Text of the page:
PORTLAND, Ore. — The line to enter Shroom House in downtown Portland extended around the block on Friday, following news that the store was selling psychedelic mushrooms to customers.
Willamette Week and The Oregonian reported on the West Burnside supplement shop Thursday afternoon. In both cases, store staff made no secret of the fact that they were selling mushrooms containing psilocybin, although the process required that customers give identification and register with the company.
In fact, the shop has been open about psilocybin sales since before it started doing business. In August, when signs around the shop still said "coming soon," psilocybin appeared about halfway down a list of mushrooms that Shroom House advertised for sale.
In 2020, Oregon voters approved two revolutionary measures related to drug legalization: Measure 110, which decriminalized user amounts of narcotics, and Measure 109, which legalized the use of psilocybin in a regulated therapeutic, clinical setting.
Neither of those laws made the retail sale of psilocybin legal.
"I still think a lot of people have reached out thinking that this is a dispensary model, or that people will be able to go in and purchase psilocybin and take it with them off site," said Angie Allbee, section manager for Oregon Psilocybin Services, which operates under the Oregon Health Authority. "We also know that that's not a part of what ORS 475A created."
At the same time, it's not clear that authorities in Portland care to harsh Shroom House's vibe. When asked for comment, the Portland Police Bureau referred the media to OHA's Oregon Psilocybin Services.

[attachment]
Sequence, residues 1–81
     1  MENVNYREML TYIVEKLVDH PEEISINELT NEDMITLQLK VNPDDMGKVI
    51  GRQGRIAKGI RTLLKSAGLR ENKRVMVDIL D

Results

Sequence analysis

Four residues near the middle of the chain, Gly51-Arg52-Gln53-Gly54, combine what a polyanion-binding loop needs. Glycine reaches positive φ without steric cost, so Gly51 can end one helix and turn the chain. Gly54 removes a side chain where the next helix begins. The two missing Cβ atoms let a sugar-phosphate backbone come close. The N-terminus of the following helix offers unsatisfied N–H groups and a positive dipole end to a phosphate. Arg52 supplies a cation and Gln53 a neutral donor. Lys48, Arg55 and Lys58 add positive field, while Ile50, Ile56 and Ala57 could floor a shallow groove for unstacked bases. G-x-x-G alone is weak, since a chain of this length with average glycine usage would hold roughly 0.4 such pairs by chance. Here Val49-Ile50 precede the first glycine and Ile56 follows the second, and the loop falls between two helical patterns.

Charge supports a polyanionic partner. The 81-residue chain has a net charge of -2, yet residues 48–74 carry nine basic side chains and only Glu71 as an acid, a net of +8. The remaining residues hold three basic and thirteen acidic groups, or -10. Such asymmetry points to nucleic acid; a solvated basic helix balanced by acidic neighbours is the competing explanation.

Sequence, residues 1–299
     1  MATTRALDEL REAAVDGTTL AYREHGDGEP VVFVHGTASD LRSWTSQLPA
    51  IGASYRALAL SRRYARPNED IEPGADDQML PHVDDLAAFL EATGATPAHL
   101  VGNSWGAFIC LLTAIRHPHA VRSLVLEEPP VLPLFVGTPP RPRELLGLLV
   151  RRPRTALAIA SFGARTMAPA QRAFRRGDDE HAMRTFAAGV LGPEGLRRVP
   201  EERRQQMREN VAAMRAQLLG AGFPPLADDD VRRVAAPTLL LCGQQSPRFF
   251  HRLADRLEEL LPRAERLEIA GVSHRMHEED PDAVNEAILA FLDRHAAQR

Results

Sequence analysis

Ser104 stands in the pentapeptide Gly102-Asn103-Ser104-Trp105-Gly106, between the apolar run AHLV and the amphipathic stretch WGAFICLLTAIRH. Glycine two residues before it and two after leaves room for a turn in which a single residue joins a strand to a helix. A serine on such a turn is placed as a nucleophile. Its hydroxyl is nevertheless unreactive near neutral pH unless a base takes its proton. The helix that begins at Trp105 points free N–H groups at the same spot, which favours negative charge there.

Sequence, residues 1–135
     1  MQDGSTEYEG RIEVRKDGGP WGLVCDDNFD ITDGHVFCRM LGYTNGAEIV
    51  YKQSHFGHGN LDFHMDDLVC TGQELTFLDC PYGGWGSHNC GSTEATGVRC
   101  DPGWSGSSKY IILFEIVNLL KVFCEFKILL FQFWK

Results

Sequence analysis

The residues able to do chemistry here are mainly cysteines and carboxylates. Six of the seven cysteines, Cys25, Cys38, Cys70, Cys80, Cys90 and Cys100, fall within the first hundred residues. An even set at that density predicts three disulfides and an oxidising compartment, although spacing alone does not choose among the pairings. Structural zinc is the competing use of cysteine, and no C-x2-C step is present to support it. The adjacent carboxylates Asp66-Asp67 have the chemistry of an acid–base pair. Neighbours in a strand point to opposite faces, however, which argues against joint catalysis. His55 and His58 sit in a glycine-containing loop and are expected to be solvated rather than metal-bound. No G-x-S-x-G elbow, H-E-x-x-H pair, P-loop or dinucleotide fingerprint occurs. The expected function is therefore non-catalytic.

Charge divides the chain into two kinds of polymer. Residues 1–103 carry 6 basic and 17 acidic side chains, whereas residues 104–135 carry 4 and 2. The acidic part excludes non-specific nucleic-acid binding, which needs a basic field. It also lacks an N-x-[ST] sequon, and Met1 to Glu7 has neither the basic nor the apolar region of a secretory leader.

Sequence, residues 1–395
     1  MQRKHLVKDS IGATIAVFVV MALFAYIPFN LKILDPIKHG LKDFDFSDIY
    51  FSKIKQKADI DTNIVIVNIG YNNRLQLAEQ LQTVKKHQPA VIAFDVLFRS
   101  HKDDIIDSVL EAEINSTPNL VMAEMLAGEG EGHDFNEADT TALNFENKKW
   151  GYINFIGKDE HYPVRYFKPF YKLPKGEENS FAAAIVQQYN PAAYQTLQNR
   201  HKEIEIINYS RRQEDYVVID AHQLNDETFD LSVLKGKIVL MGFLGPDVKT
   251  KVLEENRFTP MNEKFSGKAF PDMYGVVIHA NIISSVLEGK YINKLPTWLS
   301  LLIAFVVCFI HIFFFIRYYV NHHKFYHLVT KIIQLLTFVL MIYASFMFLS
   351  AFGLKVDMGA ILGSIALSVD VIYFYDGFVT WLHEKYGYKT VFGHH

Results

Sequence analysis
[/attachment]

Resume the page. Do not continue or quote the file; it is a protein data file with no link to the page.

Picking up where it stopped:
"I can only say that the Narcotics and Organized Crime unit is aware of the allegations being made online and in numerous news stories about this location," Sgt. Kevin Allen said in a brief statement. "The nature of NOC’s work requires them to be cautious about what they release publicly, so I can’t say more than the fact that they’re aware of it."
Allen said that he did not expect there to be any new developments Friday.
This isn't Shroom House's first rodeo. A store in Vancouver, British Columbia, shares the same name and logo. It's been around since late 2021 or early 2022.
Retail psilocybin sales aren't any more legal in Canada, but police in Vancouver, BC acknowledged earlier this year that busting these mushroom dispensaries simply isn't high on their list of priorities.
If the company's Twitter account is any indication, they aren't exactly afraid of the news coverage either — they retweeted two accounts that shared the Oregonian and Willamette Week stories.
There's also a Canada-based Shroom House website that purports to sell mushrooms via delivery, but the site includes a disclaimer that it has "no relevance" to retail shops in the U.S. or Canada.
"We do not operate out of any retail units, we are solely online and have no other stores elsewhere," the site states.
Research suggests psilocybin, administered responsibly, may help address depression, anxiety, trauma and addiction.
Even though Oregon passed the law for legal administration of psilocybin in 2020, the clinics that are expected to do this kind of therapy have yet to open. The program has been gradually making its way through an extensive administrative and regulatory process before that happens.
"It will really take all four license types in order for service center doors to open — so you would need a licensed manufacturer to cultivate or process psilocybin products," Allbee said. "You would need a licensed testing lab to test those products according to our requirements and rule. You would have to have then a licensed service center to sell that psilocybin product to, and then you would have to have licensed facilitators to be able to provide psilocybin services which includes a preparation session, administration session and integration."
Health leaders and stakeholders have until the end of the year to finalize these plans, which means the first clinics won't open until next year at the very earliest. At the same time, a number of Oregon cities and counties have pushed for bans on psilocybin services — and many of those bans passed in November.
Under Measure 109, psilocybin could only be legally used by people 21 and older in a controlled facility under the supervision of a licensed professional, so people wouldn't be able to purchase it and take it home.